MEMPHIS, Tenn. (WMC) - Memphis city council members heard major changes Tuesday to a proposal to lift Shelby County residency requirements for public safety employees. The push comes from the Memphis police director as a way to increase the department’s applicant pool.
A number of things about the proposal were amended in committee, and council members later suspended the rules and voted on the changes downstairs in full session for the first time. The measure passed. It requires passage three times by the council to put the question to voters.
“We are grossly understaffed,” said MPD Director Mike Rallings.
He says new changes to the pending residency question would further complicate police hiring by creating a fourth residency category within the department.
“It just blows me away,” said Rallings. “I can’t understand. I walk away more frustrated every time, and I just hope we can come to some resolution.”
Rallings and Mayor Jim Strickland’s administration have asked council members to put the police and fire residency question back to voters.
Currently, police officers and firefighters must live within Shelby County. The proposal at hand would allow officers to live within two hours of the city.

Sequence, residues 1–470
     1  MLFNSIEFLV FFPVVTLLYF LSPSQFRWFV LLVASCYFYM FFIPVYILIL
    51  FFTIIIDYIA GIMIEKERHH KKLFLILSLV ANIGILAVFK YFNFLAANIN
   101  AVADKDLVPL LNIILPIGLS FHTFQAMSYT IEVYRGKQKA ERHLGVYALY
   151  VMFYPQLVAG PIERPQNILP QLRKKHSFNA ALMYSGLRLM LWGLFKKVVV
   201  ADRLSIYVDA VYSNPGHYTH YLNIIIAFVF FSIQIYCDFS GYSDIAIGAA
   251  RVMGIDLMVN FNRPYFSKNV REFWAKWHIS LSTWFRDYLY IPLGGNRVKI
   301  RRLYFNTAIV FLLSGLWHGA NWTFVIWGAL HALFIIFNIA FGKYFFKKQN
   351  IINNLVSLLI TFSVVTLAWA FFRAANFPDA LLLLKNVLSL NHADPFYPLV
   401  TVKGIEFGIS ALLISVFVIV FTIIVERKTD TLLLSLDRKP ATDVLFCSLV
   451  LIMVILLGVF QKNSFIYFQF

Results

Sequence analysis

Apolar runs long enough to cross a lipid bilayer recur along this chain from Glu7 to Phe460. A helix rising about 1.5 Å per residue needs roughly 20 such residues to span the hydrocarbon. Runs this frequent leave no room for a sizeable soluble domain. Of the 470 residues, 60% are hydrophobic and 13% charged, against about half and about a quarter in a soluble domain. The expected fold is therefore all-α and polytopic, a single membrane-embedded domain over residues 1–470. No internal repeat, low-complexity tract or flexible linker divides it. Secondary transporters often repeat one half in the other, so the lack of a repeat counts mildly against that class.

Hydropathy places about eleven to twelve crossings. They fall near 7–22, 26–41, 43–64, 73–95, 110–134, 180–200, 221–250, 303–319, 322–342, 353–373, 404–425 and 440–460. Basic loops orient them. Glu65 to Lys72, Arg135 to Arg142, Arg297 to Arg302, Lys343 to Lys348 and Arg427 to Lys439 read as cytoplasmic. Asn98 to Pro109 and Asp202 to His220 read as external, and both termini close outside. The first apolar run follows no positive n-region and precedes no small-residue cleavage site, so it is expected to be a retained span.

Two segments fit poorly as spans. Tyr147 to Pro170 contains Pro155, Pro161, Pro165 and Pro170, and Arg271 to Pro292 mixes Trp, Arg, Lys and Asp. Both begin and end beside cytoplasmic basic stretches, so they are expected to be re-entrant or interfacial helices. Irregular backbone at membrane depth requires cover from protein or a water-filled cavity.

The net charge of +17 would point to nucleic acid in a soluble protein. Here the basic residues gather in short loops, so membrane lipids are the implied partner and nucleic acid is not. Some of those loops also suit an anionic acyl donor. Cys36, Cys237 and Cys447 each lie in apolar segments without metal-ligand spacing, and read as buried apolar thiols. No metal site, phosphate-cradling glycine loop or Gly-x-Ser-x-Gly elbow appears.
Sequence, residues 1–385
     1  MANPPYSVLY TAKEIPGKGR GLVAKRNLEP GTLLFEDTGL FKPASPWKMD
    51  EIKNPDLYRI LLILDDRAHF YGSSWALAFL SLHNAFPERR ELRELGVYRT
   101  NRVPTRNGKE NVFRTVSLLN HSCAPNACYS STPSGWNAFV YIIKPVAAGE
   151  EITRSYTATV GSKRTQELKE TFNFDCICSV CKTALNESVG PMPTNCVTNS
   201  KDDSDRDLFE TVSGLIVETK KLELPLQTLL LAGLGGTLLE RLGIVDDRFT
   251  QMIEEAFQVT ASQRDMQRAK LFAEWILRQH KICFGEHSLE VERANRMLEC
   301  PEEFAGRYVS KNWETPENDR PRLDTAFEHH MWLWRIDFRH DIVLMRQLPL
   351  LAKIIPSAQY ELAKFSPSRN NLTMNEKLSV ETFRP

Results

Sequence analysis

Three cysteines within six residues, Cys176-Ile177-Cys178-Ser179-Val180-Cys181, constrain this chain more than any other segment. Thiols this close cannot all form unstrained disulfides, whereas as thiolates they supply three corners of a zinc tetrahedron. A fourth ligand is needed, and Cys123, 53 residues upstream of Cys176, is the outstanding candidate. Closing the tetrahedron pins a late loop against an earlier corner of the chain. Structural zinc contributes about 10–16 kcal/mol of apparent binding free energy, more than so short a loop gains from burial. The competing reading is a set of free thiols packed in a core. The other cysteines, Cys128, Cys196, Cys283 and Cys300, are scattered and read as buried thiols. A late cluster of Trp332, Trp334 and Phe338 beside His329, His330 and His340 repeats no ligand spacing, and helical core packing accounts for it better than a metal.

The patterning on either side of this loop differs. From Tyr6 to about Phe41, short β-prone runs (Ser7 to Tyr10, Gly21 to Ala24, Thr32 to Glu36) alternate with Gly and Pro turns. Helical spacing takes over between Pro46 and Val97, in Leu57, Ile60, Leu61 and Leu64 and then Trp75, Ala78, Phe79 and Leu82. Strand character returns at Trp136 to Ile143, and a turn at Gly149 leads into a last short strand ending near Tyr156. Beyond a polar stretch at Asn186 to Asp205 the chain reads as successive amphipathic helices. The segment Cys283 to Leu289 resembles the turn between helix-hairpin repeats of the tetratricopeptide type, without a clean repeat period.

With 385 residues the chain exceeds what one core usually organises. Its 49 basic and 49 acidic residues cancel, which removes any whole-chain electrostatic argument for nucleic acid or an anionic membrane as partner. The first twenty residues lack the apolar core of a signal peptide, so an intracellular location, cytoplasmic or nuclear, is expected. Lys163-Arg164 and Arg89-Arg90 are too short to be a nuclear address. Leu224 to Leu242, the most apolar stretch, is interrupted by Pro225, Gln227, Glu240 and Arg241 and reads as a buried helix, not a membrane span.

But that was changed in committee Tuesday.
The amendments included a preferential hiring system for applicants who live within Memphis city limits, the establishment of a take-home car program for MPD and limited hiring to neighboring counties within a 50-mile radius of the city.
Ford Canale is the measure’s sponsor who proposed the changes. Some council members previously expressed concern about the two-hour exemption.
“We have one mission here, and that is to put more men and women on the streets,” said Canale. “You’re talking about public safety, and we can sit here and argue it back and forth. But that’s not putting officers back on the street.”
“I’ll live with whatever,” said Rallings. “This is just very frustrating.”
Rallings says MPD is at 2,056 officers today, but studies show it should be at 2,500.
One of the amendments also specified that the recruiting exemptions only be allowed when police and fire are below laid-out staffing levels.
The mayor’s office wants voters to weigh in next fall, provided the council gives them a chance.